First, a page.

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EDITIONS
Thursday, 24 October, 2002, 09:13 GMT 10:13 UK
Heads' warning over appeals panels
Glyn Technology School in Epsom
The Glyn Technology School case raised concerns
More and more schools will refuse to accept the legitimacy of appeals panels unless current guidance on exclusions is reformed, head teachers warned.

Heads say the recent case of two teenage boys - reinstated by an independent appeals panel to their school in Surrey after being excluded for making death threats against a teacher - highlighted the weaknesses in the system.

David Hart
David Hart wants to see changes to the current procedures
The panel's decision to order Glyn Technology School in Epsom to take the boys back was widely condemned - and shortly before she resigned, the Secretary of State, Estelle Morris, stepped in to say teachers should not be expected to put up with abusive pupils.

Now the National Association of Head Teachers (NAHT) is calling on the government to change the law so that the secretary of state has the power to overturn appeal panel decisions.

The Education Act 2002, which comes into force next January, will prevent panels from overturning decisions to expel pupils on procedural grounds, which the Department for Education said happened in the case of the Surrey schoolboys.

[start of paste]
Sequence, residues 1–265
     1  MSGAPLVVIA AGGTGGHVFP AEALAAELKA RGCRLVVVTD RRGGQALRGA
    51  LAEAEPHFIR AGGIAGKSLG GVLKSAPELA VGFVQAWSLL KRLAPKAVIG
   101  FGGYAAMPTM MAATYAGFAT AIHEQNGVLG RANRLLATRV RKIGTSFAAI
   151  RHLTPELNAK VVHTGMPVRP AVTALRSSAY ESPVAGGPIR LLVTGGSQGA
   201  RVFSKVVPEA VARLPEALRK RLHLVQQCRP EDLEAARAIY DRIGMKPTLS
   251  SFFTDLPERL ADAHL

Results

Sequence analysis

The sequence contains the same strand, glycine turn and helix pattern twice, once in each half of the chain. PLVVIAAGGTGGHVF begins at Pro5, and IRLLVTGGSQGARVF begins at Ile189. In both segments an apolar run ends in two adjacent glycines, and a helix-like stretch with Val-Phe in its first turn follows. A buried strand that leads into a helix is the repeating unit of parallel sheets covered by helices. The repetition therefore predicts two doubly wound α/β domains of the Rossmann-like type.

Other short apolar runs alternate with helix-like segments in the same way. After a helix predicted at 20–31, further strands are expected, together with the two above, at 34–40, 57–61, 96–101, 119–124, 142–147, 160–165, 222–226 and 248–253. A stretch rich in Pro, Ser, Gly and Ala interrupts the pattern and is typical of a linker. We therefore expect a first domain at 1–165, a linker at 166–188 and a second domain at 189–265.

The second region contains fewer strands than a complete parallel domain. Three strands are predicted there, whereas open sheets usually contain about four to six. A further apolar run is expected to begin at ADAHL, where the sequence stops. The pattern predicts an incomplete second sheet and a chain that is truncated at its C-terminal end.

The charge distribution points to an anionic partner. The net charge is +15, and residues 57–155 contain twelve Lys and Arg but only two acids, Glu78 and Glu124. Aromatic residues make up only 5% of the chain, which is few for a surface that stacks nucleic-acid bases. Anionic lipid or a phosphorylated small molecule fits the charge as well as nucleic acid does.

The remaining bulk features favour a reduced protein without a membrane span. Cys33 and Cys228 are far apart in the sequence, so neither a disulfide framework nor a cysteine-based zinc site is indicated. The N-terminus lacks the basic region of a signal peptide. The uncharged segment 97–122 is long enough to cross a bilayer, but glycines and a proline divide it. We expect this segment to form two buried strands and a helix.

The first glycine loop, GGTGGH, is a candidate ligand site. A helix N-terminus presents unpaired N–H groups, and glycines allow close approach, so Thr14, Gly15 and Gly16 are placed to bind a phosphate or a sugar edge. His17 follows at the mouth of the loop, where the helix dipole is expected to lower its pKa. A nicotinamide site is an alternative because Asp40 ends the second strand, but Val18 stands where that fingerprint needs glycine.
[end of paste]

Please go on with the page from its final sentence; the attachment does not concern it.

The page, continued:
'Perverse decision'

General secretary of the NAHT, David Hart, said: "If an independent appeal panel can reach such a perverse decision, that has been universally condemned, there must be something seriously wrong with the current exclusion procedures."


The government is toughening up appeal procedures

Department for Education
"They must be prevented from ordering reinstatement irresponsibly and without real regard for the interests of the rest of the pupils and staff."

Mr Hart said the government may have to go further and effectively put an end to the panels' independence.

"That would raise one hell of a furore because those representing parents and pupils would cry foul," he said.

"But at the end of the day, are the interests of two pupils paramount or those of 1,200 pupils and 98 staff?"

In a letter to Ms Morris sent shortly before she resigned, Mr Hart said that while the government had acted to restrict the powers of panels, schools still had to prove no "serious harm" would follow the reinstatement of a pupil expelled for violence, intimidation or seriously disruptive behaviour.

He predicted more heads and deputies would resort to industrial action ballots and votes to refuse to teach pupils reinstated by panels after they had been excluded.

Improvements promised

A Department for Education spokesman said: "The government is toughening up appeal procedures and considering what more we can do to improve the workings of appeals panels."

"From January we will ensure panels will have to have a teacher on them, will not be able to overturn decisions on a point of procedure and will take into account the interests of the whole school community.

"New guidance will be necessary when the new law comes in, and we will take all views into account then."


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